Friday, September 13, 2013

Friday's Focus: Rejection and Acceptance

Today is more of a thoughtful day than anything else. But it isn't necessarily all about writing, either.

I've been hearing and reading about a lot of writers, some I know personally, some only from the Internet, who are getting rejections on their short stories and novels, and their various reactions to them. Every writer knows that rejections are nothing more than a part of the writing journey, but for some, a rejection is a life-changing event. It can mean falling into the depths of depression, of beating one's self up about what a terrible writer they are, all the way to declaring an end to their journey and refusing to put pen to paper, or hands to computer keyboard, ever again. To me, there are only two reasons why a writer would do any of the above: either they have very low self-esteem and any kind of rejection from any person would have the same effect, or, they don't really want to be a writer in the first place. I'd put my money on the latter reason.

Alex Haley, author of the award-winning book Roots, which went on to become an award-winning TV show, went through 200 rejections before he sold this book Agatha Christie wrote and submitted for five years before she sold a single one of her mystery stories. The same kind of story exists for present day writers, like J.R. Rowlings, whose first book about Harry Potter received nothing but rejections until the 8 year-old daughter of an agent who had received the manuscript and couldn't sell it, demanded to read the whole story. That 8 year-old's reaction was the impetus that sold the first of the seven-book Harry Potter saga. These people, as well as thousands of other writers, want to write badly enough to keep on writing and submitting until finally, their work is accepted and they are rightly called authors.

You don't give up. That's the trick. A long and many times, lonely and frustrating journey, from writer to author, but you don't give up. You keep on keeping on. There's no other way. Rejections are a part of a writer's life. Keep them in a file, post them on a corkboard where you can see them every day, wallpaper your office with them, it doesn't matter what you DO with them, but they are there, they are a part of your life as a writer, and often, they are a valuable part of your writer's journey. Accept the rejection. Cry, swear, throw things, beat your desk with a wooden spoon ( just don't beat the dog who will bite the cat who will scratch your husband, and then you'll really be in deep do-do), and then...take a deep breath, do whatever you're going to do with that rejection, pour yourself a cup of coffee, take the bag of chocolate out of the fridge, and start writing again.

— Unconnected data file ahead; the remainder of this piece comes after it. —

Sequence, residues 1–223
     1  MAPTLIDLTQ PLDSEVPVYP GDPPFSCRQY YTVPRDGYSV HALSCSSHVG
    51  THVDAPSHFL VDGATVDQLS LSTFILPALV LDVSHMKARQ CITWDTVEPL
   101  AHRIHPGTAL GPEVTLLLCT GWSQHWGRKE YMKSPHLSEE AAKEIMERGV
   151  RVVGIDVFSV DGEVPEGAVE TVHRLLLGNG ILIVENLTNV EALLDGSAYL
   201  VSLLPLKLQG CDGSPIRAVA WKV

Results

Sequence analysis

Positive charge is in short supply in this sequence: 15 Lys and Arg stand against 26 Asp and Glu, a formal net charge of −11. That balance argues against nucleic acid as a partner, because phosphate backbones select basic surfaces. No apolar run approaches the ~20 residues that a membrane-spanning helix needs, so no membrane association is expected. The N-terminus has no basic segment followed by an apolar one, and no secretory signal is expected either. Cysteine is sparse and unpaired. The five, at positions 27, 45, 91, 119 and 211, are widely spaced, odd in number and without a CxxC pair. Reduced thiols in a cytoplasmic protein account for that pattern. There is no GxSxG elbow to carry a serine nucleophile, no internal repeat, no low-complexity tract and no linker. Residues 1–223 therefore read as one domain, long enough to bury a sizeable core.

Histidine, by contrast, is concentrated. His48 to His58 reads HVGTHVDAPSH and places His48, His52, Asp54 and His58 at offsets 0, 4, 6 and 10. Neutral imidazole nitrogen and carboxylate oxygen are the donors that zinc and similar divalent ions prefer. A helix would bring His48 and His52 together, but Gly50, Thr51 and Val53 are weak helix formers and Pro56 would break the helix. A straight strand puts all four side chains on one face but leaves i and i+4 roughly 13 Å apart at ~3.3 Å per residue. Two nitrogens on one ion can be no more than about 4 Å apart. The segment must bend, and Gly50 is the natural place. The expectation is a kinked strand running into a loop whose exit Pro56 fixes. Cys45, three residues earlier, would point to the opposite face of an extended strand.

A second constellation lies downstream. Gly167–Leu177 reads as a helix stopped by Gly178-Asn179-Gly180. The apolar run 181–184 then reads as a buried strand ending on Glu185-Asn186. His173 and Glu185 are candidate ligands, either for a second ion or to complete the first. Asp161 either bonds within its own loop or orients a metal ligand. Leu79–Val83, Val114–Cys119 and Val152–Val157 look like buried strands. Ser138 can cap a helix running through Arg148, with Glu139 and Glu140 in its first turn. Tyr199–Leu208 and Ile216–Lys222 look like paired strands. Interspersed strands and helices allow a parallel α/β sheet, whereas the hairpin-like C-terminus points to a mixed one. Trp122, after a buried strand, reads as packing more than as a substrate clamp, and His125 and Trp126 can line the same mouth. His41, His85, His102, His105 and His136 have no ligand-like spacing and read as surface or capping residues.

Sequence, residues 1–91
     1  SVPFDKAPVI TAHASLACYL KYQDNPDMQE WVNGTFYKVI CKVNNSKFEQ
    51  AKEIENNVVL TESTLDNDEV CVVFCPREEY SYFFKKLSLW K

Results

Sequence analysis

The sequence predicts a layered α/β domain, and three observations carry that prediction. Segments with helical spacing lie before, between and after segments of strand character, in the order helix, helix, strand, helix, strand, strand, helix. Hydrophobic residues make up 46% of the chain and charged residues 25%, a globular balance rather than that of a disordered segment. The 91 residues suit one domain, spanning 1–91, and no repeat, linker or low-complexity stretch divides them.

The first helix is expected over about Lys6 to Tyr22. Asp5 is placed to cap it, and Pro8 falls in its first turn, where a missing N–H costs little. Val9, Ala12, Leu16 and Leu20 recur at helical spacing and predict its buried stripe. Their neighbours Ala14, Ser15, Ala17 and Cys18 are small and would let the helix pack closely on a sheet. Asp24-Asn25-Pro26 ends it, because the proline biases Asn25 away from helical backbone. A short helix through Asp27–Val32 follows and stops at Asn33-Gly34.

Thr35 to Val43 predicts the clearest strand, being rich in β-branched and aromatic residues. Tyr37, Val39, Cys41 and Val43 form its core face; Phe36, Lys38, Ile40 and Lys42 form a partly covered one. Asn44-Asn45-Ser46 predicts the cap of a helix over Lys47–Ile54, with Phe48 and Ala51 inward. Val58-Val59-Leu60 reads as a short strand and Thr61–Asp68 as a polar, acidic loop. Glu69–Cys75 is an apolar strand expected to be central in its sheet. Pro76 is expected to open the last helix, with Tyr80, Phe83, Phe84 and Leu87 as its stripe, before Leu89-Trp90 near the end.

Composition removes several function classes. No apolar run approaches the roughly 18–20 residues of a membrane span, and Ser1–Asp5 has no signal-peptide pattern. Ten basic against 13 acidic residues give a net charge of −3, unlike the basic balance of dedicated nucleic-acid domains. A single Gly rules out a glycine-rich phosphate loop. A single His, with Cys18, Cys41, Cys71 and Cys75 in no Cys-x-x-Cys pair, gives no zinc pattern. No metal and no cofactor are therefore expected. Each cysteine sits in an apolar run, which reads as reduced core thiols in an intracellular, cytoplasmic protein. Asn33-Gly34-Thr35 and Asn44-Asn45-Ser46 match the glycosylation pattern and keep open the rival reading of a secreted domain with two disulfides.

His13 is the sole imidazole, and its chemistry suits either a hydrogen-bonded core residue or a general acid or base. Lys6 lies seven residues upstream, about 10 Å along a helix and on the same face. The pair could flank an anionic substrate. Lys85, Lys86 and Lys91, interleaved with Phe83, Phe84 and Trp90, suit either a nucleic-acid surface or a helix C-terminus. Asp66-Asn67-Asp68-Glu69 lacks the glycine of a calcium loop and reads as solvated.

It's life. Live it.

Acceptance. I'm not talking about writing here. Today is September 13, but I'm talking about 9/11/2001. A day of despicable tragedy, a day which will, or should, live in infamy for eternity. Yet, I noticed something this year...very little was said about 9/11 this year. A few scattered memorials on TV, a few words from our President, and that's it. I saw nothing on FaceBook about it; nothing was said about it on the two writers' forums I'm on; no big write-up in the newspapers. Yes, it was twelve years ago. Yes, some people want to forget about it, and "get on" with their lives.

Does "getting on" with your life mean that as a nation, we have become so accepting of the violence throughout out planet, and this cowardly act upon our own people, that we don't need to remember? Does the "acceptance" of what happened, of the lives lost and the lives forever changed, mean that we no longer need or should have memorials to that day and to those people? Is "acceptance" now the equivalent of "forgetting?" I know school children who were not born yet or who were infants/toddlers twelve years ago, who know almost nothing about that day...the day of September 11th, 2001, which should have changed the entire nation, but apparently hasn't. Why aren't they being taught, in depth, about this day, and what it means...or should have not only the United States but to the entire world? I don't know, but it seems to me that the "acceptance" of that day means that over time, it has no longer become a day of much significance.

I don't understand.

Until next time,
That's a wrap.